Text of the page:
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Economy as a Victimizing Mechanism Erich Kitzmüller Universität Wien and Wirtschaftsuniversität Wien 1. The Enigma of Modern Economics The effects of the present economic system are remarkably ambiguous. When we compare modern society with any preceding society in history it becomes evident that the ability to produce wealth is its distinguishing feature. It also is evident that the most highly productive and technologically advanced societies of the world are at the root of grave social and ecological disturbances that are pushing humankind to the edge of global catastrophe. The scope and complexity of the adverse effects and risks, of the degradation to the natural surroundings and to social cohesion, are unprecedented in history. Although those phenomena are well known, they are not widely understood. The positive effects of modern economics are evident. The outstanding capacity to produce a vast array of technical instruments and rational organizations which serve as problem solving tools have opened the way to a level ofprosperity, and indeed of affluence, that is unparalleled in the history of civilization. In sharp contrast to this story of success is, however, the equally impressive record ofdestruction. The gulf between those who possess vast material means and those who possess the minimum for survival is widening both on a global scale and within individual affluent societies. The relation between increased productivity and ecological destruction seems to parallel that between growing wealth and growing human misery. The high rate of exploitation of natural resources and the artificial changes in climate are endangering the viability of future generations to the extent that the extinction of species and cultures is, finally, not a vague, futuristic threat, but a clear and present danger to life as we know it. The economic performance of the prosperous nations today, and of modern society in general, invokes a number of critical issues that need to be 1 8 Erich Kitzmüller addressed. Why have the developed nations been so successful in achieving their high productivity through the efficient utilization of systems of organization and participation? Why have those particular success-making qualities enabled them to dominate in such a global and universal way, while their competitors retreat into an increasingly marginal economic existence? Why does the paradox exist between the global richness and success of certain societies and the destructive nature of their output? The logical cumulative question is, then, Why is the current economic system both extraordinarily productive and destructive? Paramount efficiency in the production of wealth and success Never before has society been so efficient in accumulating wealth. This is the most striking feature of the upper financial strata of humanity, of, for example, the OCED countries. Whatever factor can be singled out, the formula remains the same: high levels of input of energy and other resources, and high output in terms of tools for production and consumer goods. For decades the general trend of income, savings, investments, and consumer expenditures, whatever their fluctuations, has been upward. In spite of the grievances and alleged cases of injustice, ever growing prosperity and affluence has become the normal expected result of the economic process. Wealth is produced not only in terms of achieved output, but also in terms of the capacity to tackle any difficulties through an expansion of the economic process. This may be the most important feature of present economic performance, even more important than its excellence in increasing the output of goods and services. Wealth is accumulated, moreover, not only in terms of material goods and services, but in terms of the options we have in reacting to the reality of needs and scarcities. The real products themselves become enhanced options that specify particular means to improve technologies and to apply rational solutions to troublesome situations and, thus, to identify those situations as problems and to solve them. In the context of modem society, wealth is essentially the twofold process of the means for domination on the part of both states and companies, and of ever growing liberties. The premise is to win access to exemplary, that is to successful and happy, life styles. AU the while the focus of attraction may shift from power to the anticipated pleasure of consumption...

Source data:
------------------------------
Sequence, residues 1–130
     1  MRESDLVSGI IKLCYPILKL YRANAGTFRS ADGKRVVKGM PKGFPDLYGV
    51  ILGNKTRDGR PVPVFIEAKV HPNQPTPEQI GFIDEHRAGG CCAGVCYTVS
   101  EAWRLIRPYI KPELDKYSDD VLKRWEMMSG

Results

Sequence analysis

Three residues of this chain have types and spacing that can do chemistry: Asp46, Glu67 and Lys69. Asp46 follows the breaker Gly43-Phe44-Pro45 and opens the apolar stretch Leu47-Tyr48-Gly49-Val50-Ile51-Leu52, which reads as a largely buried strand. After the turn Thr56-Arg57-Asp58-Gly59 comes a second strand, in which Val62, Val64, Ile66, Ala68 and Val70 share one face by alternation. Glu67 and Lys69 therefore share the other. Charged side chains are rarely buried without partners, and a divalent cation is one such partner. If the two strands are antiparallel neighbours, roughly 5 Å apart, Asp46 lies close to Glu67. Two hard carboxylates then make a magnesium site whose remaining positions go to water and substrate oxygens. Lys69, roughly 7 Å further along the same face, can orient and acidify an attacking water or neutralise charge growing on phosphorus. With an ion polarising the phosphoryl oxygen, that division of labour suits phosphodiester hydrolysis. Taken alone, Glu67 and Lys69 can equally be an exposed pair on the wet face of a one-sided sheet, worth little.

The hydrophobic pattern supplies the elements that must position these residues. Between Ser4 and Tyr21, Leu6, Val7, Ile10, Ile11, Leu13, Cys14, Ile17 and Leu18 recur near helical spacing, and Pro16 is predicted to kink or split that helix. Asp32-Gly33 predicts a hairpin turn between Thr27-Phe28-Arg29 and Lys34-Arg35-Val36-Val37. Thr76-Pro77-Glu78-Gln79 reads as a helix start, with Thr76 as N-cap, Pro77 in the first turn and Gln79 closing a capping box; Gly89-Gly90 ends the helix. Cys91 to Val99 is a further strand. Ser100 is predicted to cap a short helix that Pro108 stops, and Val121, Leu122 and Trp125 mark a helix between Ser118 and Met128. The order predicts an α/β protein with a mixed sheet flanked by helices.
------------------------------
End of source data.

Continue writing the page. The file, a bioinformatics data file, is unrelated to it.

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pp. 17-38
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